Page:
It’s so not even the 31st yet…

Oct 28

It’s so not even the 31st yet…

Whew!  What a day.  It was epic and fun. First: A face-painting-breakfast-party at our house for five little faces.  (One dragonfly and four butterflies.)  I bought a face paint kit in 2011 for $19.99 with a 40% coupon from Michaels, and it is one of the the best investments I’ve ever made.  It came with (good) paints, different sized brushes, a tiny-but-very-helpful tutorial book, and I’ve never looked back.  I’ve bought more colors to round out our color wheel of choices, but the paints themselves last forever.  Need face paint?  Boom.  I’ve got that. Greta got on her bus, and I delivered the other five to school.  They were (thirty seconds) late, and all got pink tardy slips.  Ooooops.  Can’t win them all, right?  (Sorry to the other moms and the school staff!) Second: Maren’s class Halloween party.  I spent roughly thirty dollars on new Bingo supplies (which we will definitely re-use) and used some things we already owned.  I clickity-clicked everything I needed to my house via Amazon Prime (best thing ever) on Tuesday.  The game was great; you would have thought I was tossing these fourth-graders five dollar bills.  They were SO engaged, SO fun, and SO enthusiastic.  I highly recommend real Bingo for fourth grade (and up) party games.  Maren rolled the bingo cage and was full of dimpled smiles. Third: Greta’s class party.  I texted my friends on Monday: “…does anyone have a Halloween/fall bingo game I can borrow for Friday?”  And then I got two immediate ‘yeah-I’ve-got-that!’ replies.  By the time I got home from chemo on Monday, I had a perfect-for-kindergarten pictoral bingo game waiting for me on my kitchen counter.  She even brought me candy corn to use as the bingo markers.  Lest I ever need reminding: ye are only as strong as strong as ye village.  Greta was the most excited kid at her party (which is saying something in a room full of twenty-five five-year-olds at their first school party).  I had the other volunteer helpers rolling with my verbal descriptions of clip art:  their teacher the leaf princess, a scarecrow in a blue situation, and a combine (farm equipment for those of you who don’t know) that I may have first...

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What a week

Oct 27

Wow… it’s been a weird week.  I’ve been sick.  Chemo sick (normal for me, though this drug regimen is not predictable from day-to-day or week-to-week) plus some other run-of-the-mill infection.  I had a fever for the first time in a long while, and — dang — I’d forgotten that shivering-under-ten-blankets-feeling that accompanies a fever.  I’ve been nearly bedridden except for a few windows of stuff I really wanted to do, and a brief stint on Wednesday morning when I thought I was better.  Days have gone by now without me doing the basic and essentials: no laundry, no dishes, no pick-up, lions-and-tigers-and-bears, oh my! Ironically, last week I was processing with some friends and said that I thought I could/should be stewarding my time a bit better.  (On the whole, I feel I do my days well, but there are things — important things — that I keep putting off.)  This week I have had no choice but to be absolutely present in my immediate needs.  Late this afternoon I began to feel like I am doing a bit better, so hopefully that trend continues.  My chemo break comes on Monday, so that is well-timed.  (I’m on a three-weeks-on, one-week-off cycle.) Brad, in his usual awesome fashion, rearranged his week to be more present and did so while high-fiving me for doing “my job” (resting) well.  I love that he not only supports me, but champions me.  Does the subtlety and the awesomeness of that difference come across?  I hope so because it is one of the reasons I know Brad and I are meant to be together: no one else could love me as well as he does.  Maren stepped up this week too: she ran her first load of laundry when I forgot to wash her volleyball uniform between games, and she made dinner for herself and Greta so I could stay in bed for an extra half-hour.  Greta, too, is supportive: she has a sweet way of patting my head/face and giving me oh-s0-heartfelt five-year-old well-wishes when I am not at the top of my game.  My mom dropped of dinner, my mother-in-law sent a well-timed gift card to go out for dinner, and the village as...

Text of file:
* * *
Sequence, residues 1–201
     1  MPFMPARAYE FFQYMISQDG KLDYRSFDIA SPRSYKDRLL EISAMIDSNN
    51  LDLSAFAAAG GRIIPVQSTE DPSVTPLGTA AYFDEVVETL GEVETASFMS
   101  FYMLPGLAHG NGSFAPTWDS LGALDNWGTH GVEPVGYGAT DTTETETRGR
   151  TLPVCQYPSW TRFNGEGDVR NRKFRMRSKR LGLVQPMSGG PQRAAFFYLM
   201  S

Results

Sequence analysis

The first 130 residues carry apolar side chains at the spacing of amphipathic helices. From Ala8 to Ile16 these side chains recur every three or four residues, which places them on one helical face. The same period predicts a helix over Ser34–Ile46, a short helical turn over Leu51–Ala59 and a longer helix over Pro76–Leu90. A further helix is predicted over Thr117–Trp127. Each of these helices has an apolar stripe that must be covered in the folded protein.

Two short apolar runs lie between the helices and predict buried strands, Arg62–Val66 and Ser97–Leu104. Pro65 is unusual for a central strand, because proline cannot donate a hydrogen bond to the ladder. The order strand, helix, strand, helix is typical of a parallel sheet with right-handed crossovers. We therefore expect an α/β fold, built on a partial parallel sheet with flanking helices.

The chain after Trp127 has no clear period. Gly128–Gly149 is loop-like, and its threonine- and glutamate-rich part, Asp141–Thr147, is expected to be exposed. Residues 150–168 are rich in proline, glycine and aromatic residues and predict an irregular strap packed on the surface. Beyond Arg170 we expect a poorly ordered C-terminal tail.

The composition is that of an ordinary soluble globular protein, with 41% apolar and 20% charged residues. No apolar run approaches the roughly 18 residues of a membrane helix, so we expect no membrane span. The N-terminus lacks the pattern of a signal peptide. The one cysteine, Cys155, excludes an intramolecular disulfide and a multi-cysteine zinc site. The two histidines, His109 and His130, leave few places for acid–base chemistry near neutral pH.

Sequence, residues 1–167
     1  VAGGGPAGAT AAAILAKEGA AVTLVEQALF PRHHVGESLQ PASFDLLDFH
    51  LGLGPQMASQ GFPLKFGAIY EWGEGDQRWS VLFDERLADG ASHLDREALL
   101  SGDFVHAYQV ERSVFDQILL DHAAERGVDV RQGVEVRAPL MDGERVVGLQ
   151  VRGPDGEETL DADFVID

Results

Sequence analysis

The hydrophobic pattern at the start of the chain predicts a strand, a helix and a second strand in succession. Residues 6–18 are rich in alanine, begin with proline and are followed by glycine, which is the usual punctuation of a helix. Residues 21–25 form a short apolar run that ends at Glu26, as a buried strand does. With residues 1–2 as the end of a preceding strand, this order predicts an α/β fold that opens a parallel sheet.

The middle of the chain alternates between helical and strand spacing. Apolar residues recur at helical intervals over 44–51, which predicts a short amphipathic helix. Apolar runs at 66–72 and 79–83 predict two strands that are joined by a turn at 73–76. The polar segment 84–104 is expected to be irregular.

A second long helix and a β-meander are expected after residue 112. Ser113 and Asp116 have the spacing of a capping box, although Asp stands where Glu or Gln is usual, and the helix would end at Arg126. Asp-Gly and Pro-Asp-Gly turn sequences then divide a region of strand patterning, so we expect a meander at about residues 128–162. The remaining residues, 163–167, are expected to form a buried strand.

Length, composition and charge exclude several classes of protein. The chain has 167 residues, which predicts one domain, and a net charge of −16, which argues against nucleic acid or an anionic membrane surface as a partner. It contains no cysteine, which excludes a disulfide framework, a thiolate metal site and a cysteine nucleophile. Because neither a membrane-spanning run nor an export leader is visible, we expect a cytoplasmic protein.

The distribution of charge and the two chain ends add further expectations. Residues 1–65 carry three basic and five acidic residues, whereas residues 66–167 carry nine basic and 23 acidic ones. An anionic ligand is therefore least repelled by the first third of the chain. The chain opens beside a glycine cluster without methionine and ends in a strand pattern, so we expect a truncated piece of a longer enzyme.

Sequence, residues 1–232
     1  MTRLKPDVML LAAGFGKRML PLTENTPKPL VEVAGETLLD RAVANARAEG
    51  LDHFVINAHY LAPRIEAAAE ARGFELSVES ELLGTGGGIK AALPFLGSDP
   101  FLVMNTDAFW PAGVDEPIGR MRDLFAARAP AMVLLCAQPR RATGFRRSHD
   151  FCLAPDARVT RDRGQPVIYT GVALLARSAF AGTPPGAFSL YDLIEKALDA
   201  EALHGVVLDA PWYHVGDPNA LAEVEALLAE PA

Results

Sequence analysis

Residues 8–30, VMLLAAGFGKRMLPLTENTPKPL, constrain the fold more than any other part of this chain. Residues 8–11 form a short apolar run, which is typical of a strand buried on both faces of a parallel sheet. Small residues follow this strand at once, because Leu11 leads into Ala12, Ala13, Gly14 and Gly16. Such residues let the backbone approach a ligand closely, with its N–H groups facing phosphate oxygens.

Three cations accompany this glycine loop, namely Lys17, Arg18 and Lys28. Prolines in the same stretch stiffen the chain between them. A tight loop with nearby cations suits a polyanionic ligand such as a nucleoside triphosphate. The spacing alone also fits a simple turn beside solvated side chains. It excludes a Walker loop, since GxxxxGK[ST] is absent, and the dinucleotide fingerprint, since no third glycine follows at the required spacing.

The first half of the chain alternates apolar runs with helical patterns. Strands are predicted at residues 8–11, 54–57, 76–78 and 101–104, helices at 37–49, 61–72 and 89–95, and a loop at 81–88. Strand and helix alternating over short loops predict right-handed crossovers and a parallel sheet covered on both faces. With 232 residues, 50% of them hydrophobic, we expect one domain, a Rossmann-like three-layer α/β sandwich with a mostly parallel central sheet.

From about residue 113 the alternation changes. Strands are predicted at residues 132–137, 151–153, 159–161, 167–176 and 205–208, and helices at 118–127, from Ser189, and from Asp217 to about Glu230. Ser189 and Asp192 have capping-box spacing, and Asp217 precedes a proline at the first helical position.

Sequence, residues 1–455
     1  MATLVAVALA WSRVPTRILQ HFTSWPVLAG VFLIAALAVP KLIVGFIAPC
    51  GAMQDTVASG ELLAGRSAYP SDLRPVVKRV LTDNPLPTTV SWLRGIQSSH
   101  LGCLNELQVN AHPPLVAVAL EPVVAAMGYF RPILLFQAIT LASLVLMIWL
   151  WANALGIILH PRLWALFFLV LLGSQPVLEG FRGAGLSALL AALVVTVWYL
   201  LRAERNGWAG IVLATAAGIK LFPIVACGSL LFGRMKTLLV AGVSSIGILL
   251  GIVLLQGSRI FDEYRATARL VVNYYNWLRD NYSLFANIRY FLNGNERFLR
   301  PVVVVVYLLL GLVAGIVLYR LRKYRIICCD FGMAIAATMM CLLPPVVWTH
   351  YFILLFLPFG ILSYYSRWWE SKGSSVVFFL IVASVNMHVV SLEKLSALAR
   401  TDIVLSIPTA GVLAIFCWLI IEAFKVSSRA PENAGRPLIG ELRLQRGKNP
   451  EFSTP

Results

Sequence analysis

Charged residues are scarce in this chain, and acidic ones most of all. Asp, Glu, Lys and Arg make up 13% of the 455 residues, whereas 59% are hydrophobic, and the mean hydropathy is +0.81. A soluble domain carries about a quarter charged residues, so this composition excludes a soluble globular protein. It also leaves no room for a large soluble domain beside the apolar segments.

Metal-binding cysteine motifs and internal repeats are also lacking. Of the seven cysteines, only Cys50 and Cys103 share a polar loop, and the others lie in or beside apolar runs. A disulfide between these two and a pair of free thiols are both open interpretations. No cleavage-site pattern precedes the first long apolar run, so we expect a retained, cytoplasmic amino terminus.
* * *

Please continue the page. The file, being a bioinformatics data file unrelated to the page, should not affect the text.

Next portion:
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Our life is good

Oct 24

Our life is good